Last week, I asked if you were buying this dip (but I would avoid it like the plague). But last week, many ignored my advice and jumped in with both feet to send the Dow up to the Fibonacci 50% retrace of the entire crash off the February ATH. Other stock indexes followed suit.
And just last night ahead of the Easter weekend, the Dow and S&P both hit my main targets on the nose – 24,000 in the Dow. Bingo! (For the record, I had penciled in that target since last month – see later.)
The public were egged on ferociously by the MSM who told everyone this is a once-in-a-lifetime opportunity to pick up some cheap shares. Just yesterday, Questor in the Telegraph had this headline: We’ve had panic selling – now its time to do some calm and careful buying.
And he is one of the most conservative out there! To me, it seems there has been panic buying, not calm and careful. Note that this advice came after a huge 32% rally off the 24 March lows at 18,200 (which we forecast). Did any strong buy articles emerge at the lows? Of course not, they were all advising a ‘hang in there’ stance. That was where we took major profits on our shorts. But has any private investor any funds left to pour into the market, since last year everyone was all-in -and had stayed in during the plunge?
Those that do hold cash had previously cashed out before the ATH. And there are not many of those, except of course my loyal readers who took my advice to do just that.
Of course, this sharp rebound is a product of the still-elevated mood where most people believe the virus thing will pass over and things can get back to ‘normal’ in a few weeks. That is their fervent hope. As I said last week, they believe people will resume their free-spending drunken sailor habits and take on even more massive debt to fuel it. But hope is not a reliable investment strategy.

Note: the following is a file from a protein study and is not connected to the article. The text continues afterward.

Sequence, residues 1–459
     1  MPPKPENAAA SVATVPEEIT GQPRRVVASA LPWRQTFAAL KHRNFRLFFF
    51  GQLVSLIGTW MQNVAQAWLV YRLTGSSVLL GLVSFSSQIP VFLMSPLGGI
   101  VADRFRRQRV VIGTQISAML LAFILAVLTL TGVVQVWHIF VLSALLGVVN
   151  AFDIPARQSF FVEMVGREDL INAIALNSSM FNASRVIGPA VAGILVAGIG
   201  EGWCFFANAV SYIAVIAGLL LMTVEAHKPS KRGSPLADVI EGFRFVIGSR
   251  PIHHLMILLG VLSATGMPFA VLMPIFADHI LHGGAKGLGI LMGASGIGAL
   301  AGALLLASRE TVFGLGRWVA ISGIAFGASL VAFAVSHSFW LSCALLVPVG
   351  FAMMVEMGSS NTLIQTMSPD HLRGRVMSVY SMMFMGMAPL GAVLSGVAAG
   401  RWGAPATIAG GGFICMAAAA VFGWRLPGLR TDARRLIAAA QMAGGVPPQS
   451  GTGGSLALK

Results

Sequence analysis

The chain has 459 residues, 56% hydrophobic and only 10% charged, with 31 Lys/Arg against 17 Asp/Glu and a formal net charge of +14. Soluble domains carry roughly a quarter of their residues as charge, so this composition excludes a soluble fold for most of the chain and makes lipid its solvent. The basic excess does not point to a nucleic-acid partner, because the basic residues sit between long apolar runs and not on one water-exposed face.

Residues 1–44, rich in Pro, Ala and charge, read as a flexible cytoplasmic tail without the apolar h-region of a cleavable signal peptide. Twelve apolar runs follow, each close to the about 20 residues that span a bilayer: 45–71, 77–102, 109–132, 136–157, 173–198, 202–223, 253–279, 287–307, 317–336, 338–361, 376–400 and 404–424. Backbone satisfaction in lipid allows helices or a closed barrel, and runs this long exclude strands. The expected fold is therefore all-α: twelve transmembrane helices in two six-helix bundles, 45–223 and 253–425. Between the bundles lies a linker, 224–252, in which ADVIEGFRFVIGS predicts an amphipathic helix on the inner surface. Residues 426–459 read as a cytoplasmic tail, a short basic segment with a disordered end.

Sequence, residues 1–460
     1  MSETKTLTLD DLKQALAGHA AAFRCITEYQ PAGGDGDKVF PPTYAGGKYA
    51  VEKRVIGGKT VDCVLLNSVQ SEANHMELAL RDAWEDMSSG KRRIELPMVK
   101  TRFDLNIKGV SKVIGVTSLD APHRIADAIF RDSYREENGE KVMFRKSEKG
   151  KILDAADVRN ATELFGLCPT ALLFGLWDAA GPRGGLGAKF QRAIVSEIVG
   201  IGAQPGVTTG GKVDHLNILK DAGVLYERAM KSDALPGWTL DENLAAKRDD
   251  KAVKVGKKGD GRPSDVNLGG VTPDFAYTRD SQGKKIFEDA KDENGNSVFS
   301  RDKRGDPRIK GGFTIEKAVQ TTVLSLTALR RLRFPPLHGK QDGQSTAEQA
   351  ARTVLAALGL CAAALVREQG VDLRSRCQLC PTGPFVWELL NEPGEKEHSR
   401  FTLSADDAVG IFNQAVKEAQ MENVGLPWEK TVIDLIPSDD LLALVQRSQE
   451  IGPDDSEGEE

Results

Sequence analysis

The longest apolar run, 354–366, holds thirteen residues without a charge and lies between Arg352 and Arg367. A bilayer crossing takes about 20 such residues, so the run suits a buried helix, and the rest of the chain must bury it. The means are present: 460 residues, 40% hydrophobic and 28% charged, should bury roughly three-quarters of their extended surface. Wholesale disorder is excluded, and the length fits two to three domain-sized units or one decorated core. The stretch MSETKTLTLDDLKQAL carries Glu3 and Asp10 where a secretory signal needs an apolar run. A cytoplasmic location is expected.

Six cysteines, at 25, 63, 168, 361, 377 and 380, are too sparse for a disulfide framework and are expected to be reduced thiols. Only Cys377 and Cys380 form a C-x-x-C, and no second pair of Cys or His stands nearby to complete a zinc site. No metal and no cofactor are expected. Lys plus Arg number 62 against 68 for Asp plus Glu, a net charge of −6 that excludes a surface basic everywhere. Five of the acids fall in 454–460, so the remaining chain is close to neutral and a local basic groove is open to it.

I cannot see it. There are millions that are being scarred by this experience, financially if not medically. The trend is now towards conservation and risk-on will slowly turn towards risk-off. And stocks are inherently risky! Sovereign debt is surging to pay all the expanding relief programmes. Taxes will rise to be sure.
No, the old world order is gone. As have millions of jobs. And not to forget, despite the massive government loans, grants and bail-outs, many businesses will have gone for good. The great clean-out is in full swing. And robots are taking over just as unemployment surges. Universal Basic Income anyone?
Economists are falling over themselves trying to estimate the GDP hit economies will take this year. I have seen numbers ranging from a decline of global GDP of anywhere from 3% to 8%. Those may be conservative, especially if we get a second virus wave with further lock-downs. Already there are signs China may be in that position.
Tourism is a mammoth industry employing millions. One estimate of global unemployment I have seen puts it at 25 million, but that figure could be much higher. And who would want to travel to a country where fears of a lurking virus still dominate? No, the tendency will be to not risk it and to stay close to home. And will countries permit plane-loads of visitors to arrive if they fear just one may be contagious – and decimate their economy?
With un- and semi-employment figures rapidly growing, many families will be hauling in much lower incomes, especially in those nations with much less-developed social welfare systems than in the ‘wealthy’ Europe and North America. The army of the ‘working poor’ is set to explode.